ISME In Strong Attack On Members Of NPHET On Their Comments On Antigen Testing

Dear Mr Donnelly,

I am writing to you to express the serious concerns of the ISME National Council at the remarks of the Chief Medical Officer at a press conference on Friday evening, 7th May. Dr Holohan referred to “a lot of claims” about antigen testing, that could lead to “inappropriate reassurance” in a situation where a person could “go into a supermarket and buy, for example, you know, a pound of sausages and charcoal for a barbecue and an antigen test and think, great…”

On 8th May, Professor Philip Nolan tweeted in relation to the antigen tests being sold in a supermarket: “Can I get some snake oil with that? …These antigen tests will not keep you safe.”

These attacks on antigen testing, verbalised to the press corps and on social media, are not grounded in science, and evidently reflect only the personal opinions of individual members of NPHET.

The dissenting opinions to the Report of the COVID-19 Rapid Testing Group1 published on 1st April also came from doctors in the HSE and NPHET. It is noteworthy to ISME that these two individuals do not in our opinion appear to have the level of technical expertise enjoyed by their other colleagues in that group.

As you know, that group concluded that rapid antigen testing should be considered in community settings such as nursing homes and other long term care facilities, schools, universities, sports clubs, small and large private and public office workplaces, food processing plants, manufacturing facilities, prisons and shelters. The report referenced a manufacturing case study where workers arriving at their plant were tested, with approximately 600 tests per week being conducted. They identified five positive tests (all asymptomatic) in January, and all were confirmed following HSE testing. The benefits of such programs require no further explanation or justification to anyone with a modicum of common sense.

To date however, NPHET has continued to reiterate only the (well-known) relative shortcomings of antigen testing, rather than the scientifically established advantages of widespread testing.

17 Kildare St., Dublin 2.
10th May 2021

As long ago as September 2020, the WHO acknowledged the relative strengths and weaknesses of rapid antigen testing,2 stating “Though these antigen detection RDTs (Ag-RDTs) are substantially less sensitive than NAAT, they offer the possibility of rapid, inexpensive and early detection of the most infectious COVID-19 cases in appropriate settings.”

The Centre for Disease Control (CDC) in the US, in its latest general guidance note on screening3 summarises the relative advantages of PCR and rapid antigen testing in language easily comprehensible to laypersons as well as those in government.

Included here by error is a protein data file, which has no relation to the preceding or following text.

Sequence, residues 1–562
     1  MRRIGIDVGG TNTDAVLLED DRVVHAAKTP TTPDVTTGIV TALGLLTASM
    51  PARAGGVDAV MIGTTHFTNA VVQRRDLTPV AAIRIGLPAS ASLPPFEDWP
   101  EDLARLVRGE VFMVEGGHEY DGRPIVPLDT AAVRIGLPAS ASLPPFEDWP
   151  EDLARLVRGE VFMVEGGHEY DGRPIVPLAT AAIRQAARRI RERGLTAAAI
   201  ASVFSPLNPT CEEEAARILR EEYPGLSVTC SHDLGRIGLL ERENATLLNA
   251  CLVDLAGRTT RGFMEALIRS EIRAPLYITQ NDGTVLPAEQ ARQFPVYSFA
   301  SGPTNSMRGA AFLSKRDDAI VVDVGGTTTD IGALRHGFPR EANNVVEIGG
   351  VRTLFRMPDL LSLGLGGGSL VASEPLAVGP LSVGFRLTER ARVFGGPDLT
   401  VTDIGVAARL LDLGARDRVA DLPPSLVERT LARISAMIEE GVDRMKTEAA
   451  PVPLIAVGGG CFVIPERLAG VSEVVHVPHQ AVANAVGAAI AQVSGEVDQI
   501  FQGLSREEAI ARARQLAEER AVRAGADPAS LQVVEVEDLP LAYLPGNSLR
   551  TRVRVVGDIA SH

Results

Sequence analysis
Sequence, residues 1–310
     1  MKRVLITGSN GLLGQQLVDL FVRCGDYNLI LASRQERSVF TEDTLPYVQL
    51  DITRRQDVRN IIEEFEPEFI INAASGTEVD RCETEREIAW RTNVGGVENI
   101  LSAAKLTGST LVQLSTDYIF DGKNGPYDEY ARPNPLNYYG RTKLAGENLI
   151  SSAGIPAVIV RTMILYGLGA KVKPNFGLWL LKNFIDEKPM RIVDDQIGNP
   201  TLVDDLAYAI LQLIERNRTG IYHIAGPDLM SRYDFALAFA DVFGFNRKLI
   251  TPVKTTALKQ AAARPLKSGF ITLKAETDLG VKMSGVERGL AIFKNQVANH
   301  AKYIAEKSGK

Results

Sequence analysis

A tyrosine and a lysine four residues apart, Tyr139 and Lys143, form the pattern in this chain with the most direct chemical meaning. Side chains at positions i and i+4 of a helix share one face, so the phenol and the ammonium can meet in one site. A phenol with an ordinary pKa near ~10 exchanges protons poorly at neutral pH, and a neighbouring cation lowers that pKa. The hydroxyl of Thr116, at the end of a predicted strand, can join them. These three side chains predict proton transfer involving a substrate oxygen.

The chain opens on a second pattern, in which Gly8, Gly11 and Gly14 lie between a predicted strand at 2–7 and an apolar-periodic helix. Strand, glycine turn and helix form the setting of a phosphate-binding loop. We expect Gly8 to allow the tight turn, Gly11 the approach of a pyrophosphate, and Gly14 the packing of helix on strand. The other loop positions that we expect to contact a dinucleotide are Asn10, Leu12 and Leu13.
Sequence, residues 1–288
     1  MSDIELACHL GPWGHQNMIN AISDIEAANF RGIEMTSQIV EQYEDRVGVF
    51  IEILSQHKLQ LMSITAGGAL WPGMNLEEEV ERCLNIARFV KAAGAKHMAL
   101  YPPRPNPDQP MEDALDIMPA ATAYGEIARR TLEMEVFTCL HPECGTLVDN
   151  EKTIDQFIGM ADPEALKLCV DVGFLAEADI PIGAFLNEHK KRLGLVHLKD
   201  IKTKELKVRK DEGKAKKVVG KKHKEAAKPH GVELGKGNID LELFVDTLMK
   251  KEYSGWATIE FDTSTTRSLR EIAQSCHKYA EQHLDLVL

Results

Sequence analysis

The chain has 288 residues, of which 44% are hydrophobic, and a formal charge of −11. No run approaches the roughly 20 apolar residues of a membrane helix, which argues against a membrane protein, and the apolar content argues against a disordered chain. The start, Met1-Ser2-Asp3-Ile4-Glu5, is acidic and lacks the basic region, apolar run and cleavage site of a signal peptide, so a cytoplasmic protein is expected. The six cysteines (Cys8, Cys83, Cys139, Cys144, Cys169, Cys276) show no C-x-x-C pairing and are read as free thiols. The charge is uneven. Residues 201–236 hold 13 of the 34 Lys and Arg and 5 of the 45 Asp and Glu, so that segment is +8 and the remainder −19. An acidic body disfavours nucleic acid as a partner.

The ECDC, in its latest technical report on antigen testing,4 summarized “The use of rapid antigen detection tests (RADTs) and/or self-test RADTs in occupational settings can complement, but not replace, occupational safety and health measures and existing non-pharmaceutical interventions at the workplace aimed at preventing the introduction and spread of SARS-CoV-2.”

ISME is not in a position to determine who among the current members of NPHET would be clinically better qualified to sit on their equivalent teams in the WHO, CDC, or ECDC. However, we do not consider it unreasonable to expect that when members of NPHET attempt to criticise or undermine the use of rapid antigen in appropriate settings, they would be capable of doing so citing scientifically informed opinion. To date, this has not been the case. If NPHET is privy to scientific advice at variance with the guidance from the agencies above, it should publish it immediately.

A significant number of Irish people have died since ISME made its request to the Tánaiste on 9th December last to prioritise the rollout of rapid antigen testing in the workplace before the Christmas departure to their home countries of tens of thousands of non-national workers. How many of these lives could have been saved by a robust system of workplace antigen testing is unknown, but is likely to be non-trivial.

Ireland is thankfully exiting the disease phase of the Covid-19 pandemic, but has yet to suffer the post-pandemic surge in economic effects. Many employers and enterprises are adopting workplace antigen testing systems in order to protect their staff and their customers. The efficacy of these individual testing efforts is likely to be compromised by the absence of state support or guidance on antigen testing. Even with high levels of vaccine rollout in this country, the necessity for antigen testing in the workplace is likely to be inevitable into the medium term, especially when international travel fully reopens.

We ask you and your cabinet colleagues to consider, therefore, how much longer you can afford to indulge the cavalier press conference and social media musings of those members of NPHET who have departed so radically and inexplicably from established scientific and public health guidance on antigen testing. Ireland no longer has the luxury of entertaining glib, flippant and scientifically ignorant ruminations of NPHET members. We believe it would be prudent for your Department to ascertain why some members of NPHET continue to exhibit such an animus to antigen testing in the face of overwhelming scientific evidence to the contrary; and we also ask your Department to

consider how reliable are the advices of NPHET when they are so demonstrably wrong on the issue of rapid antigen testing.

Yours sincerely,

Neil McDonnell

Chief Executive

CC Tánaiste Leo Varadkar TD DETE
Minister of State Damien English TD DETE
Robert Watt, Secretary General, Department of Health Dr Orlaigh Quinn, Secretary General DETE
Declan Hughes, Assistant Secretary General, DE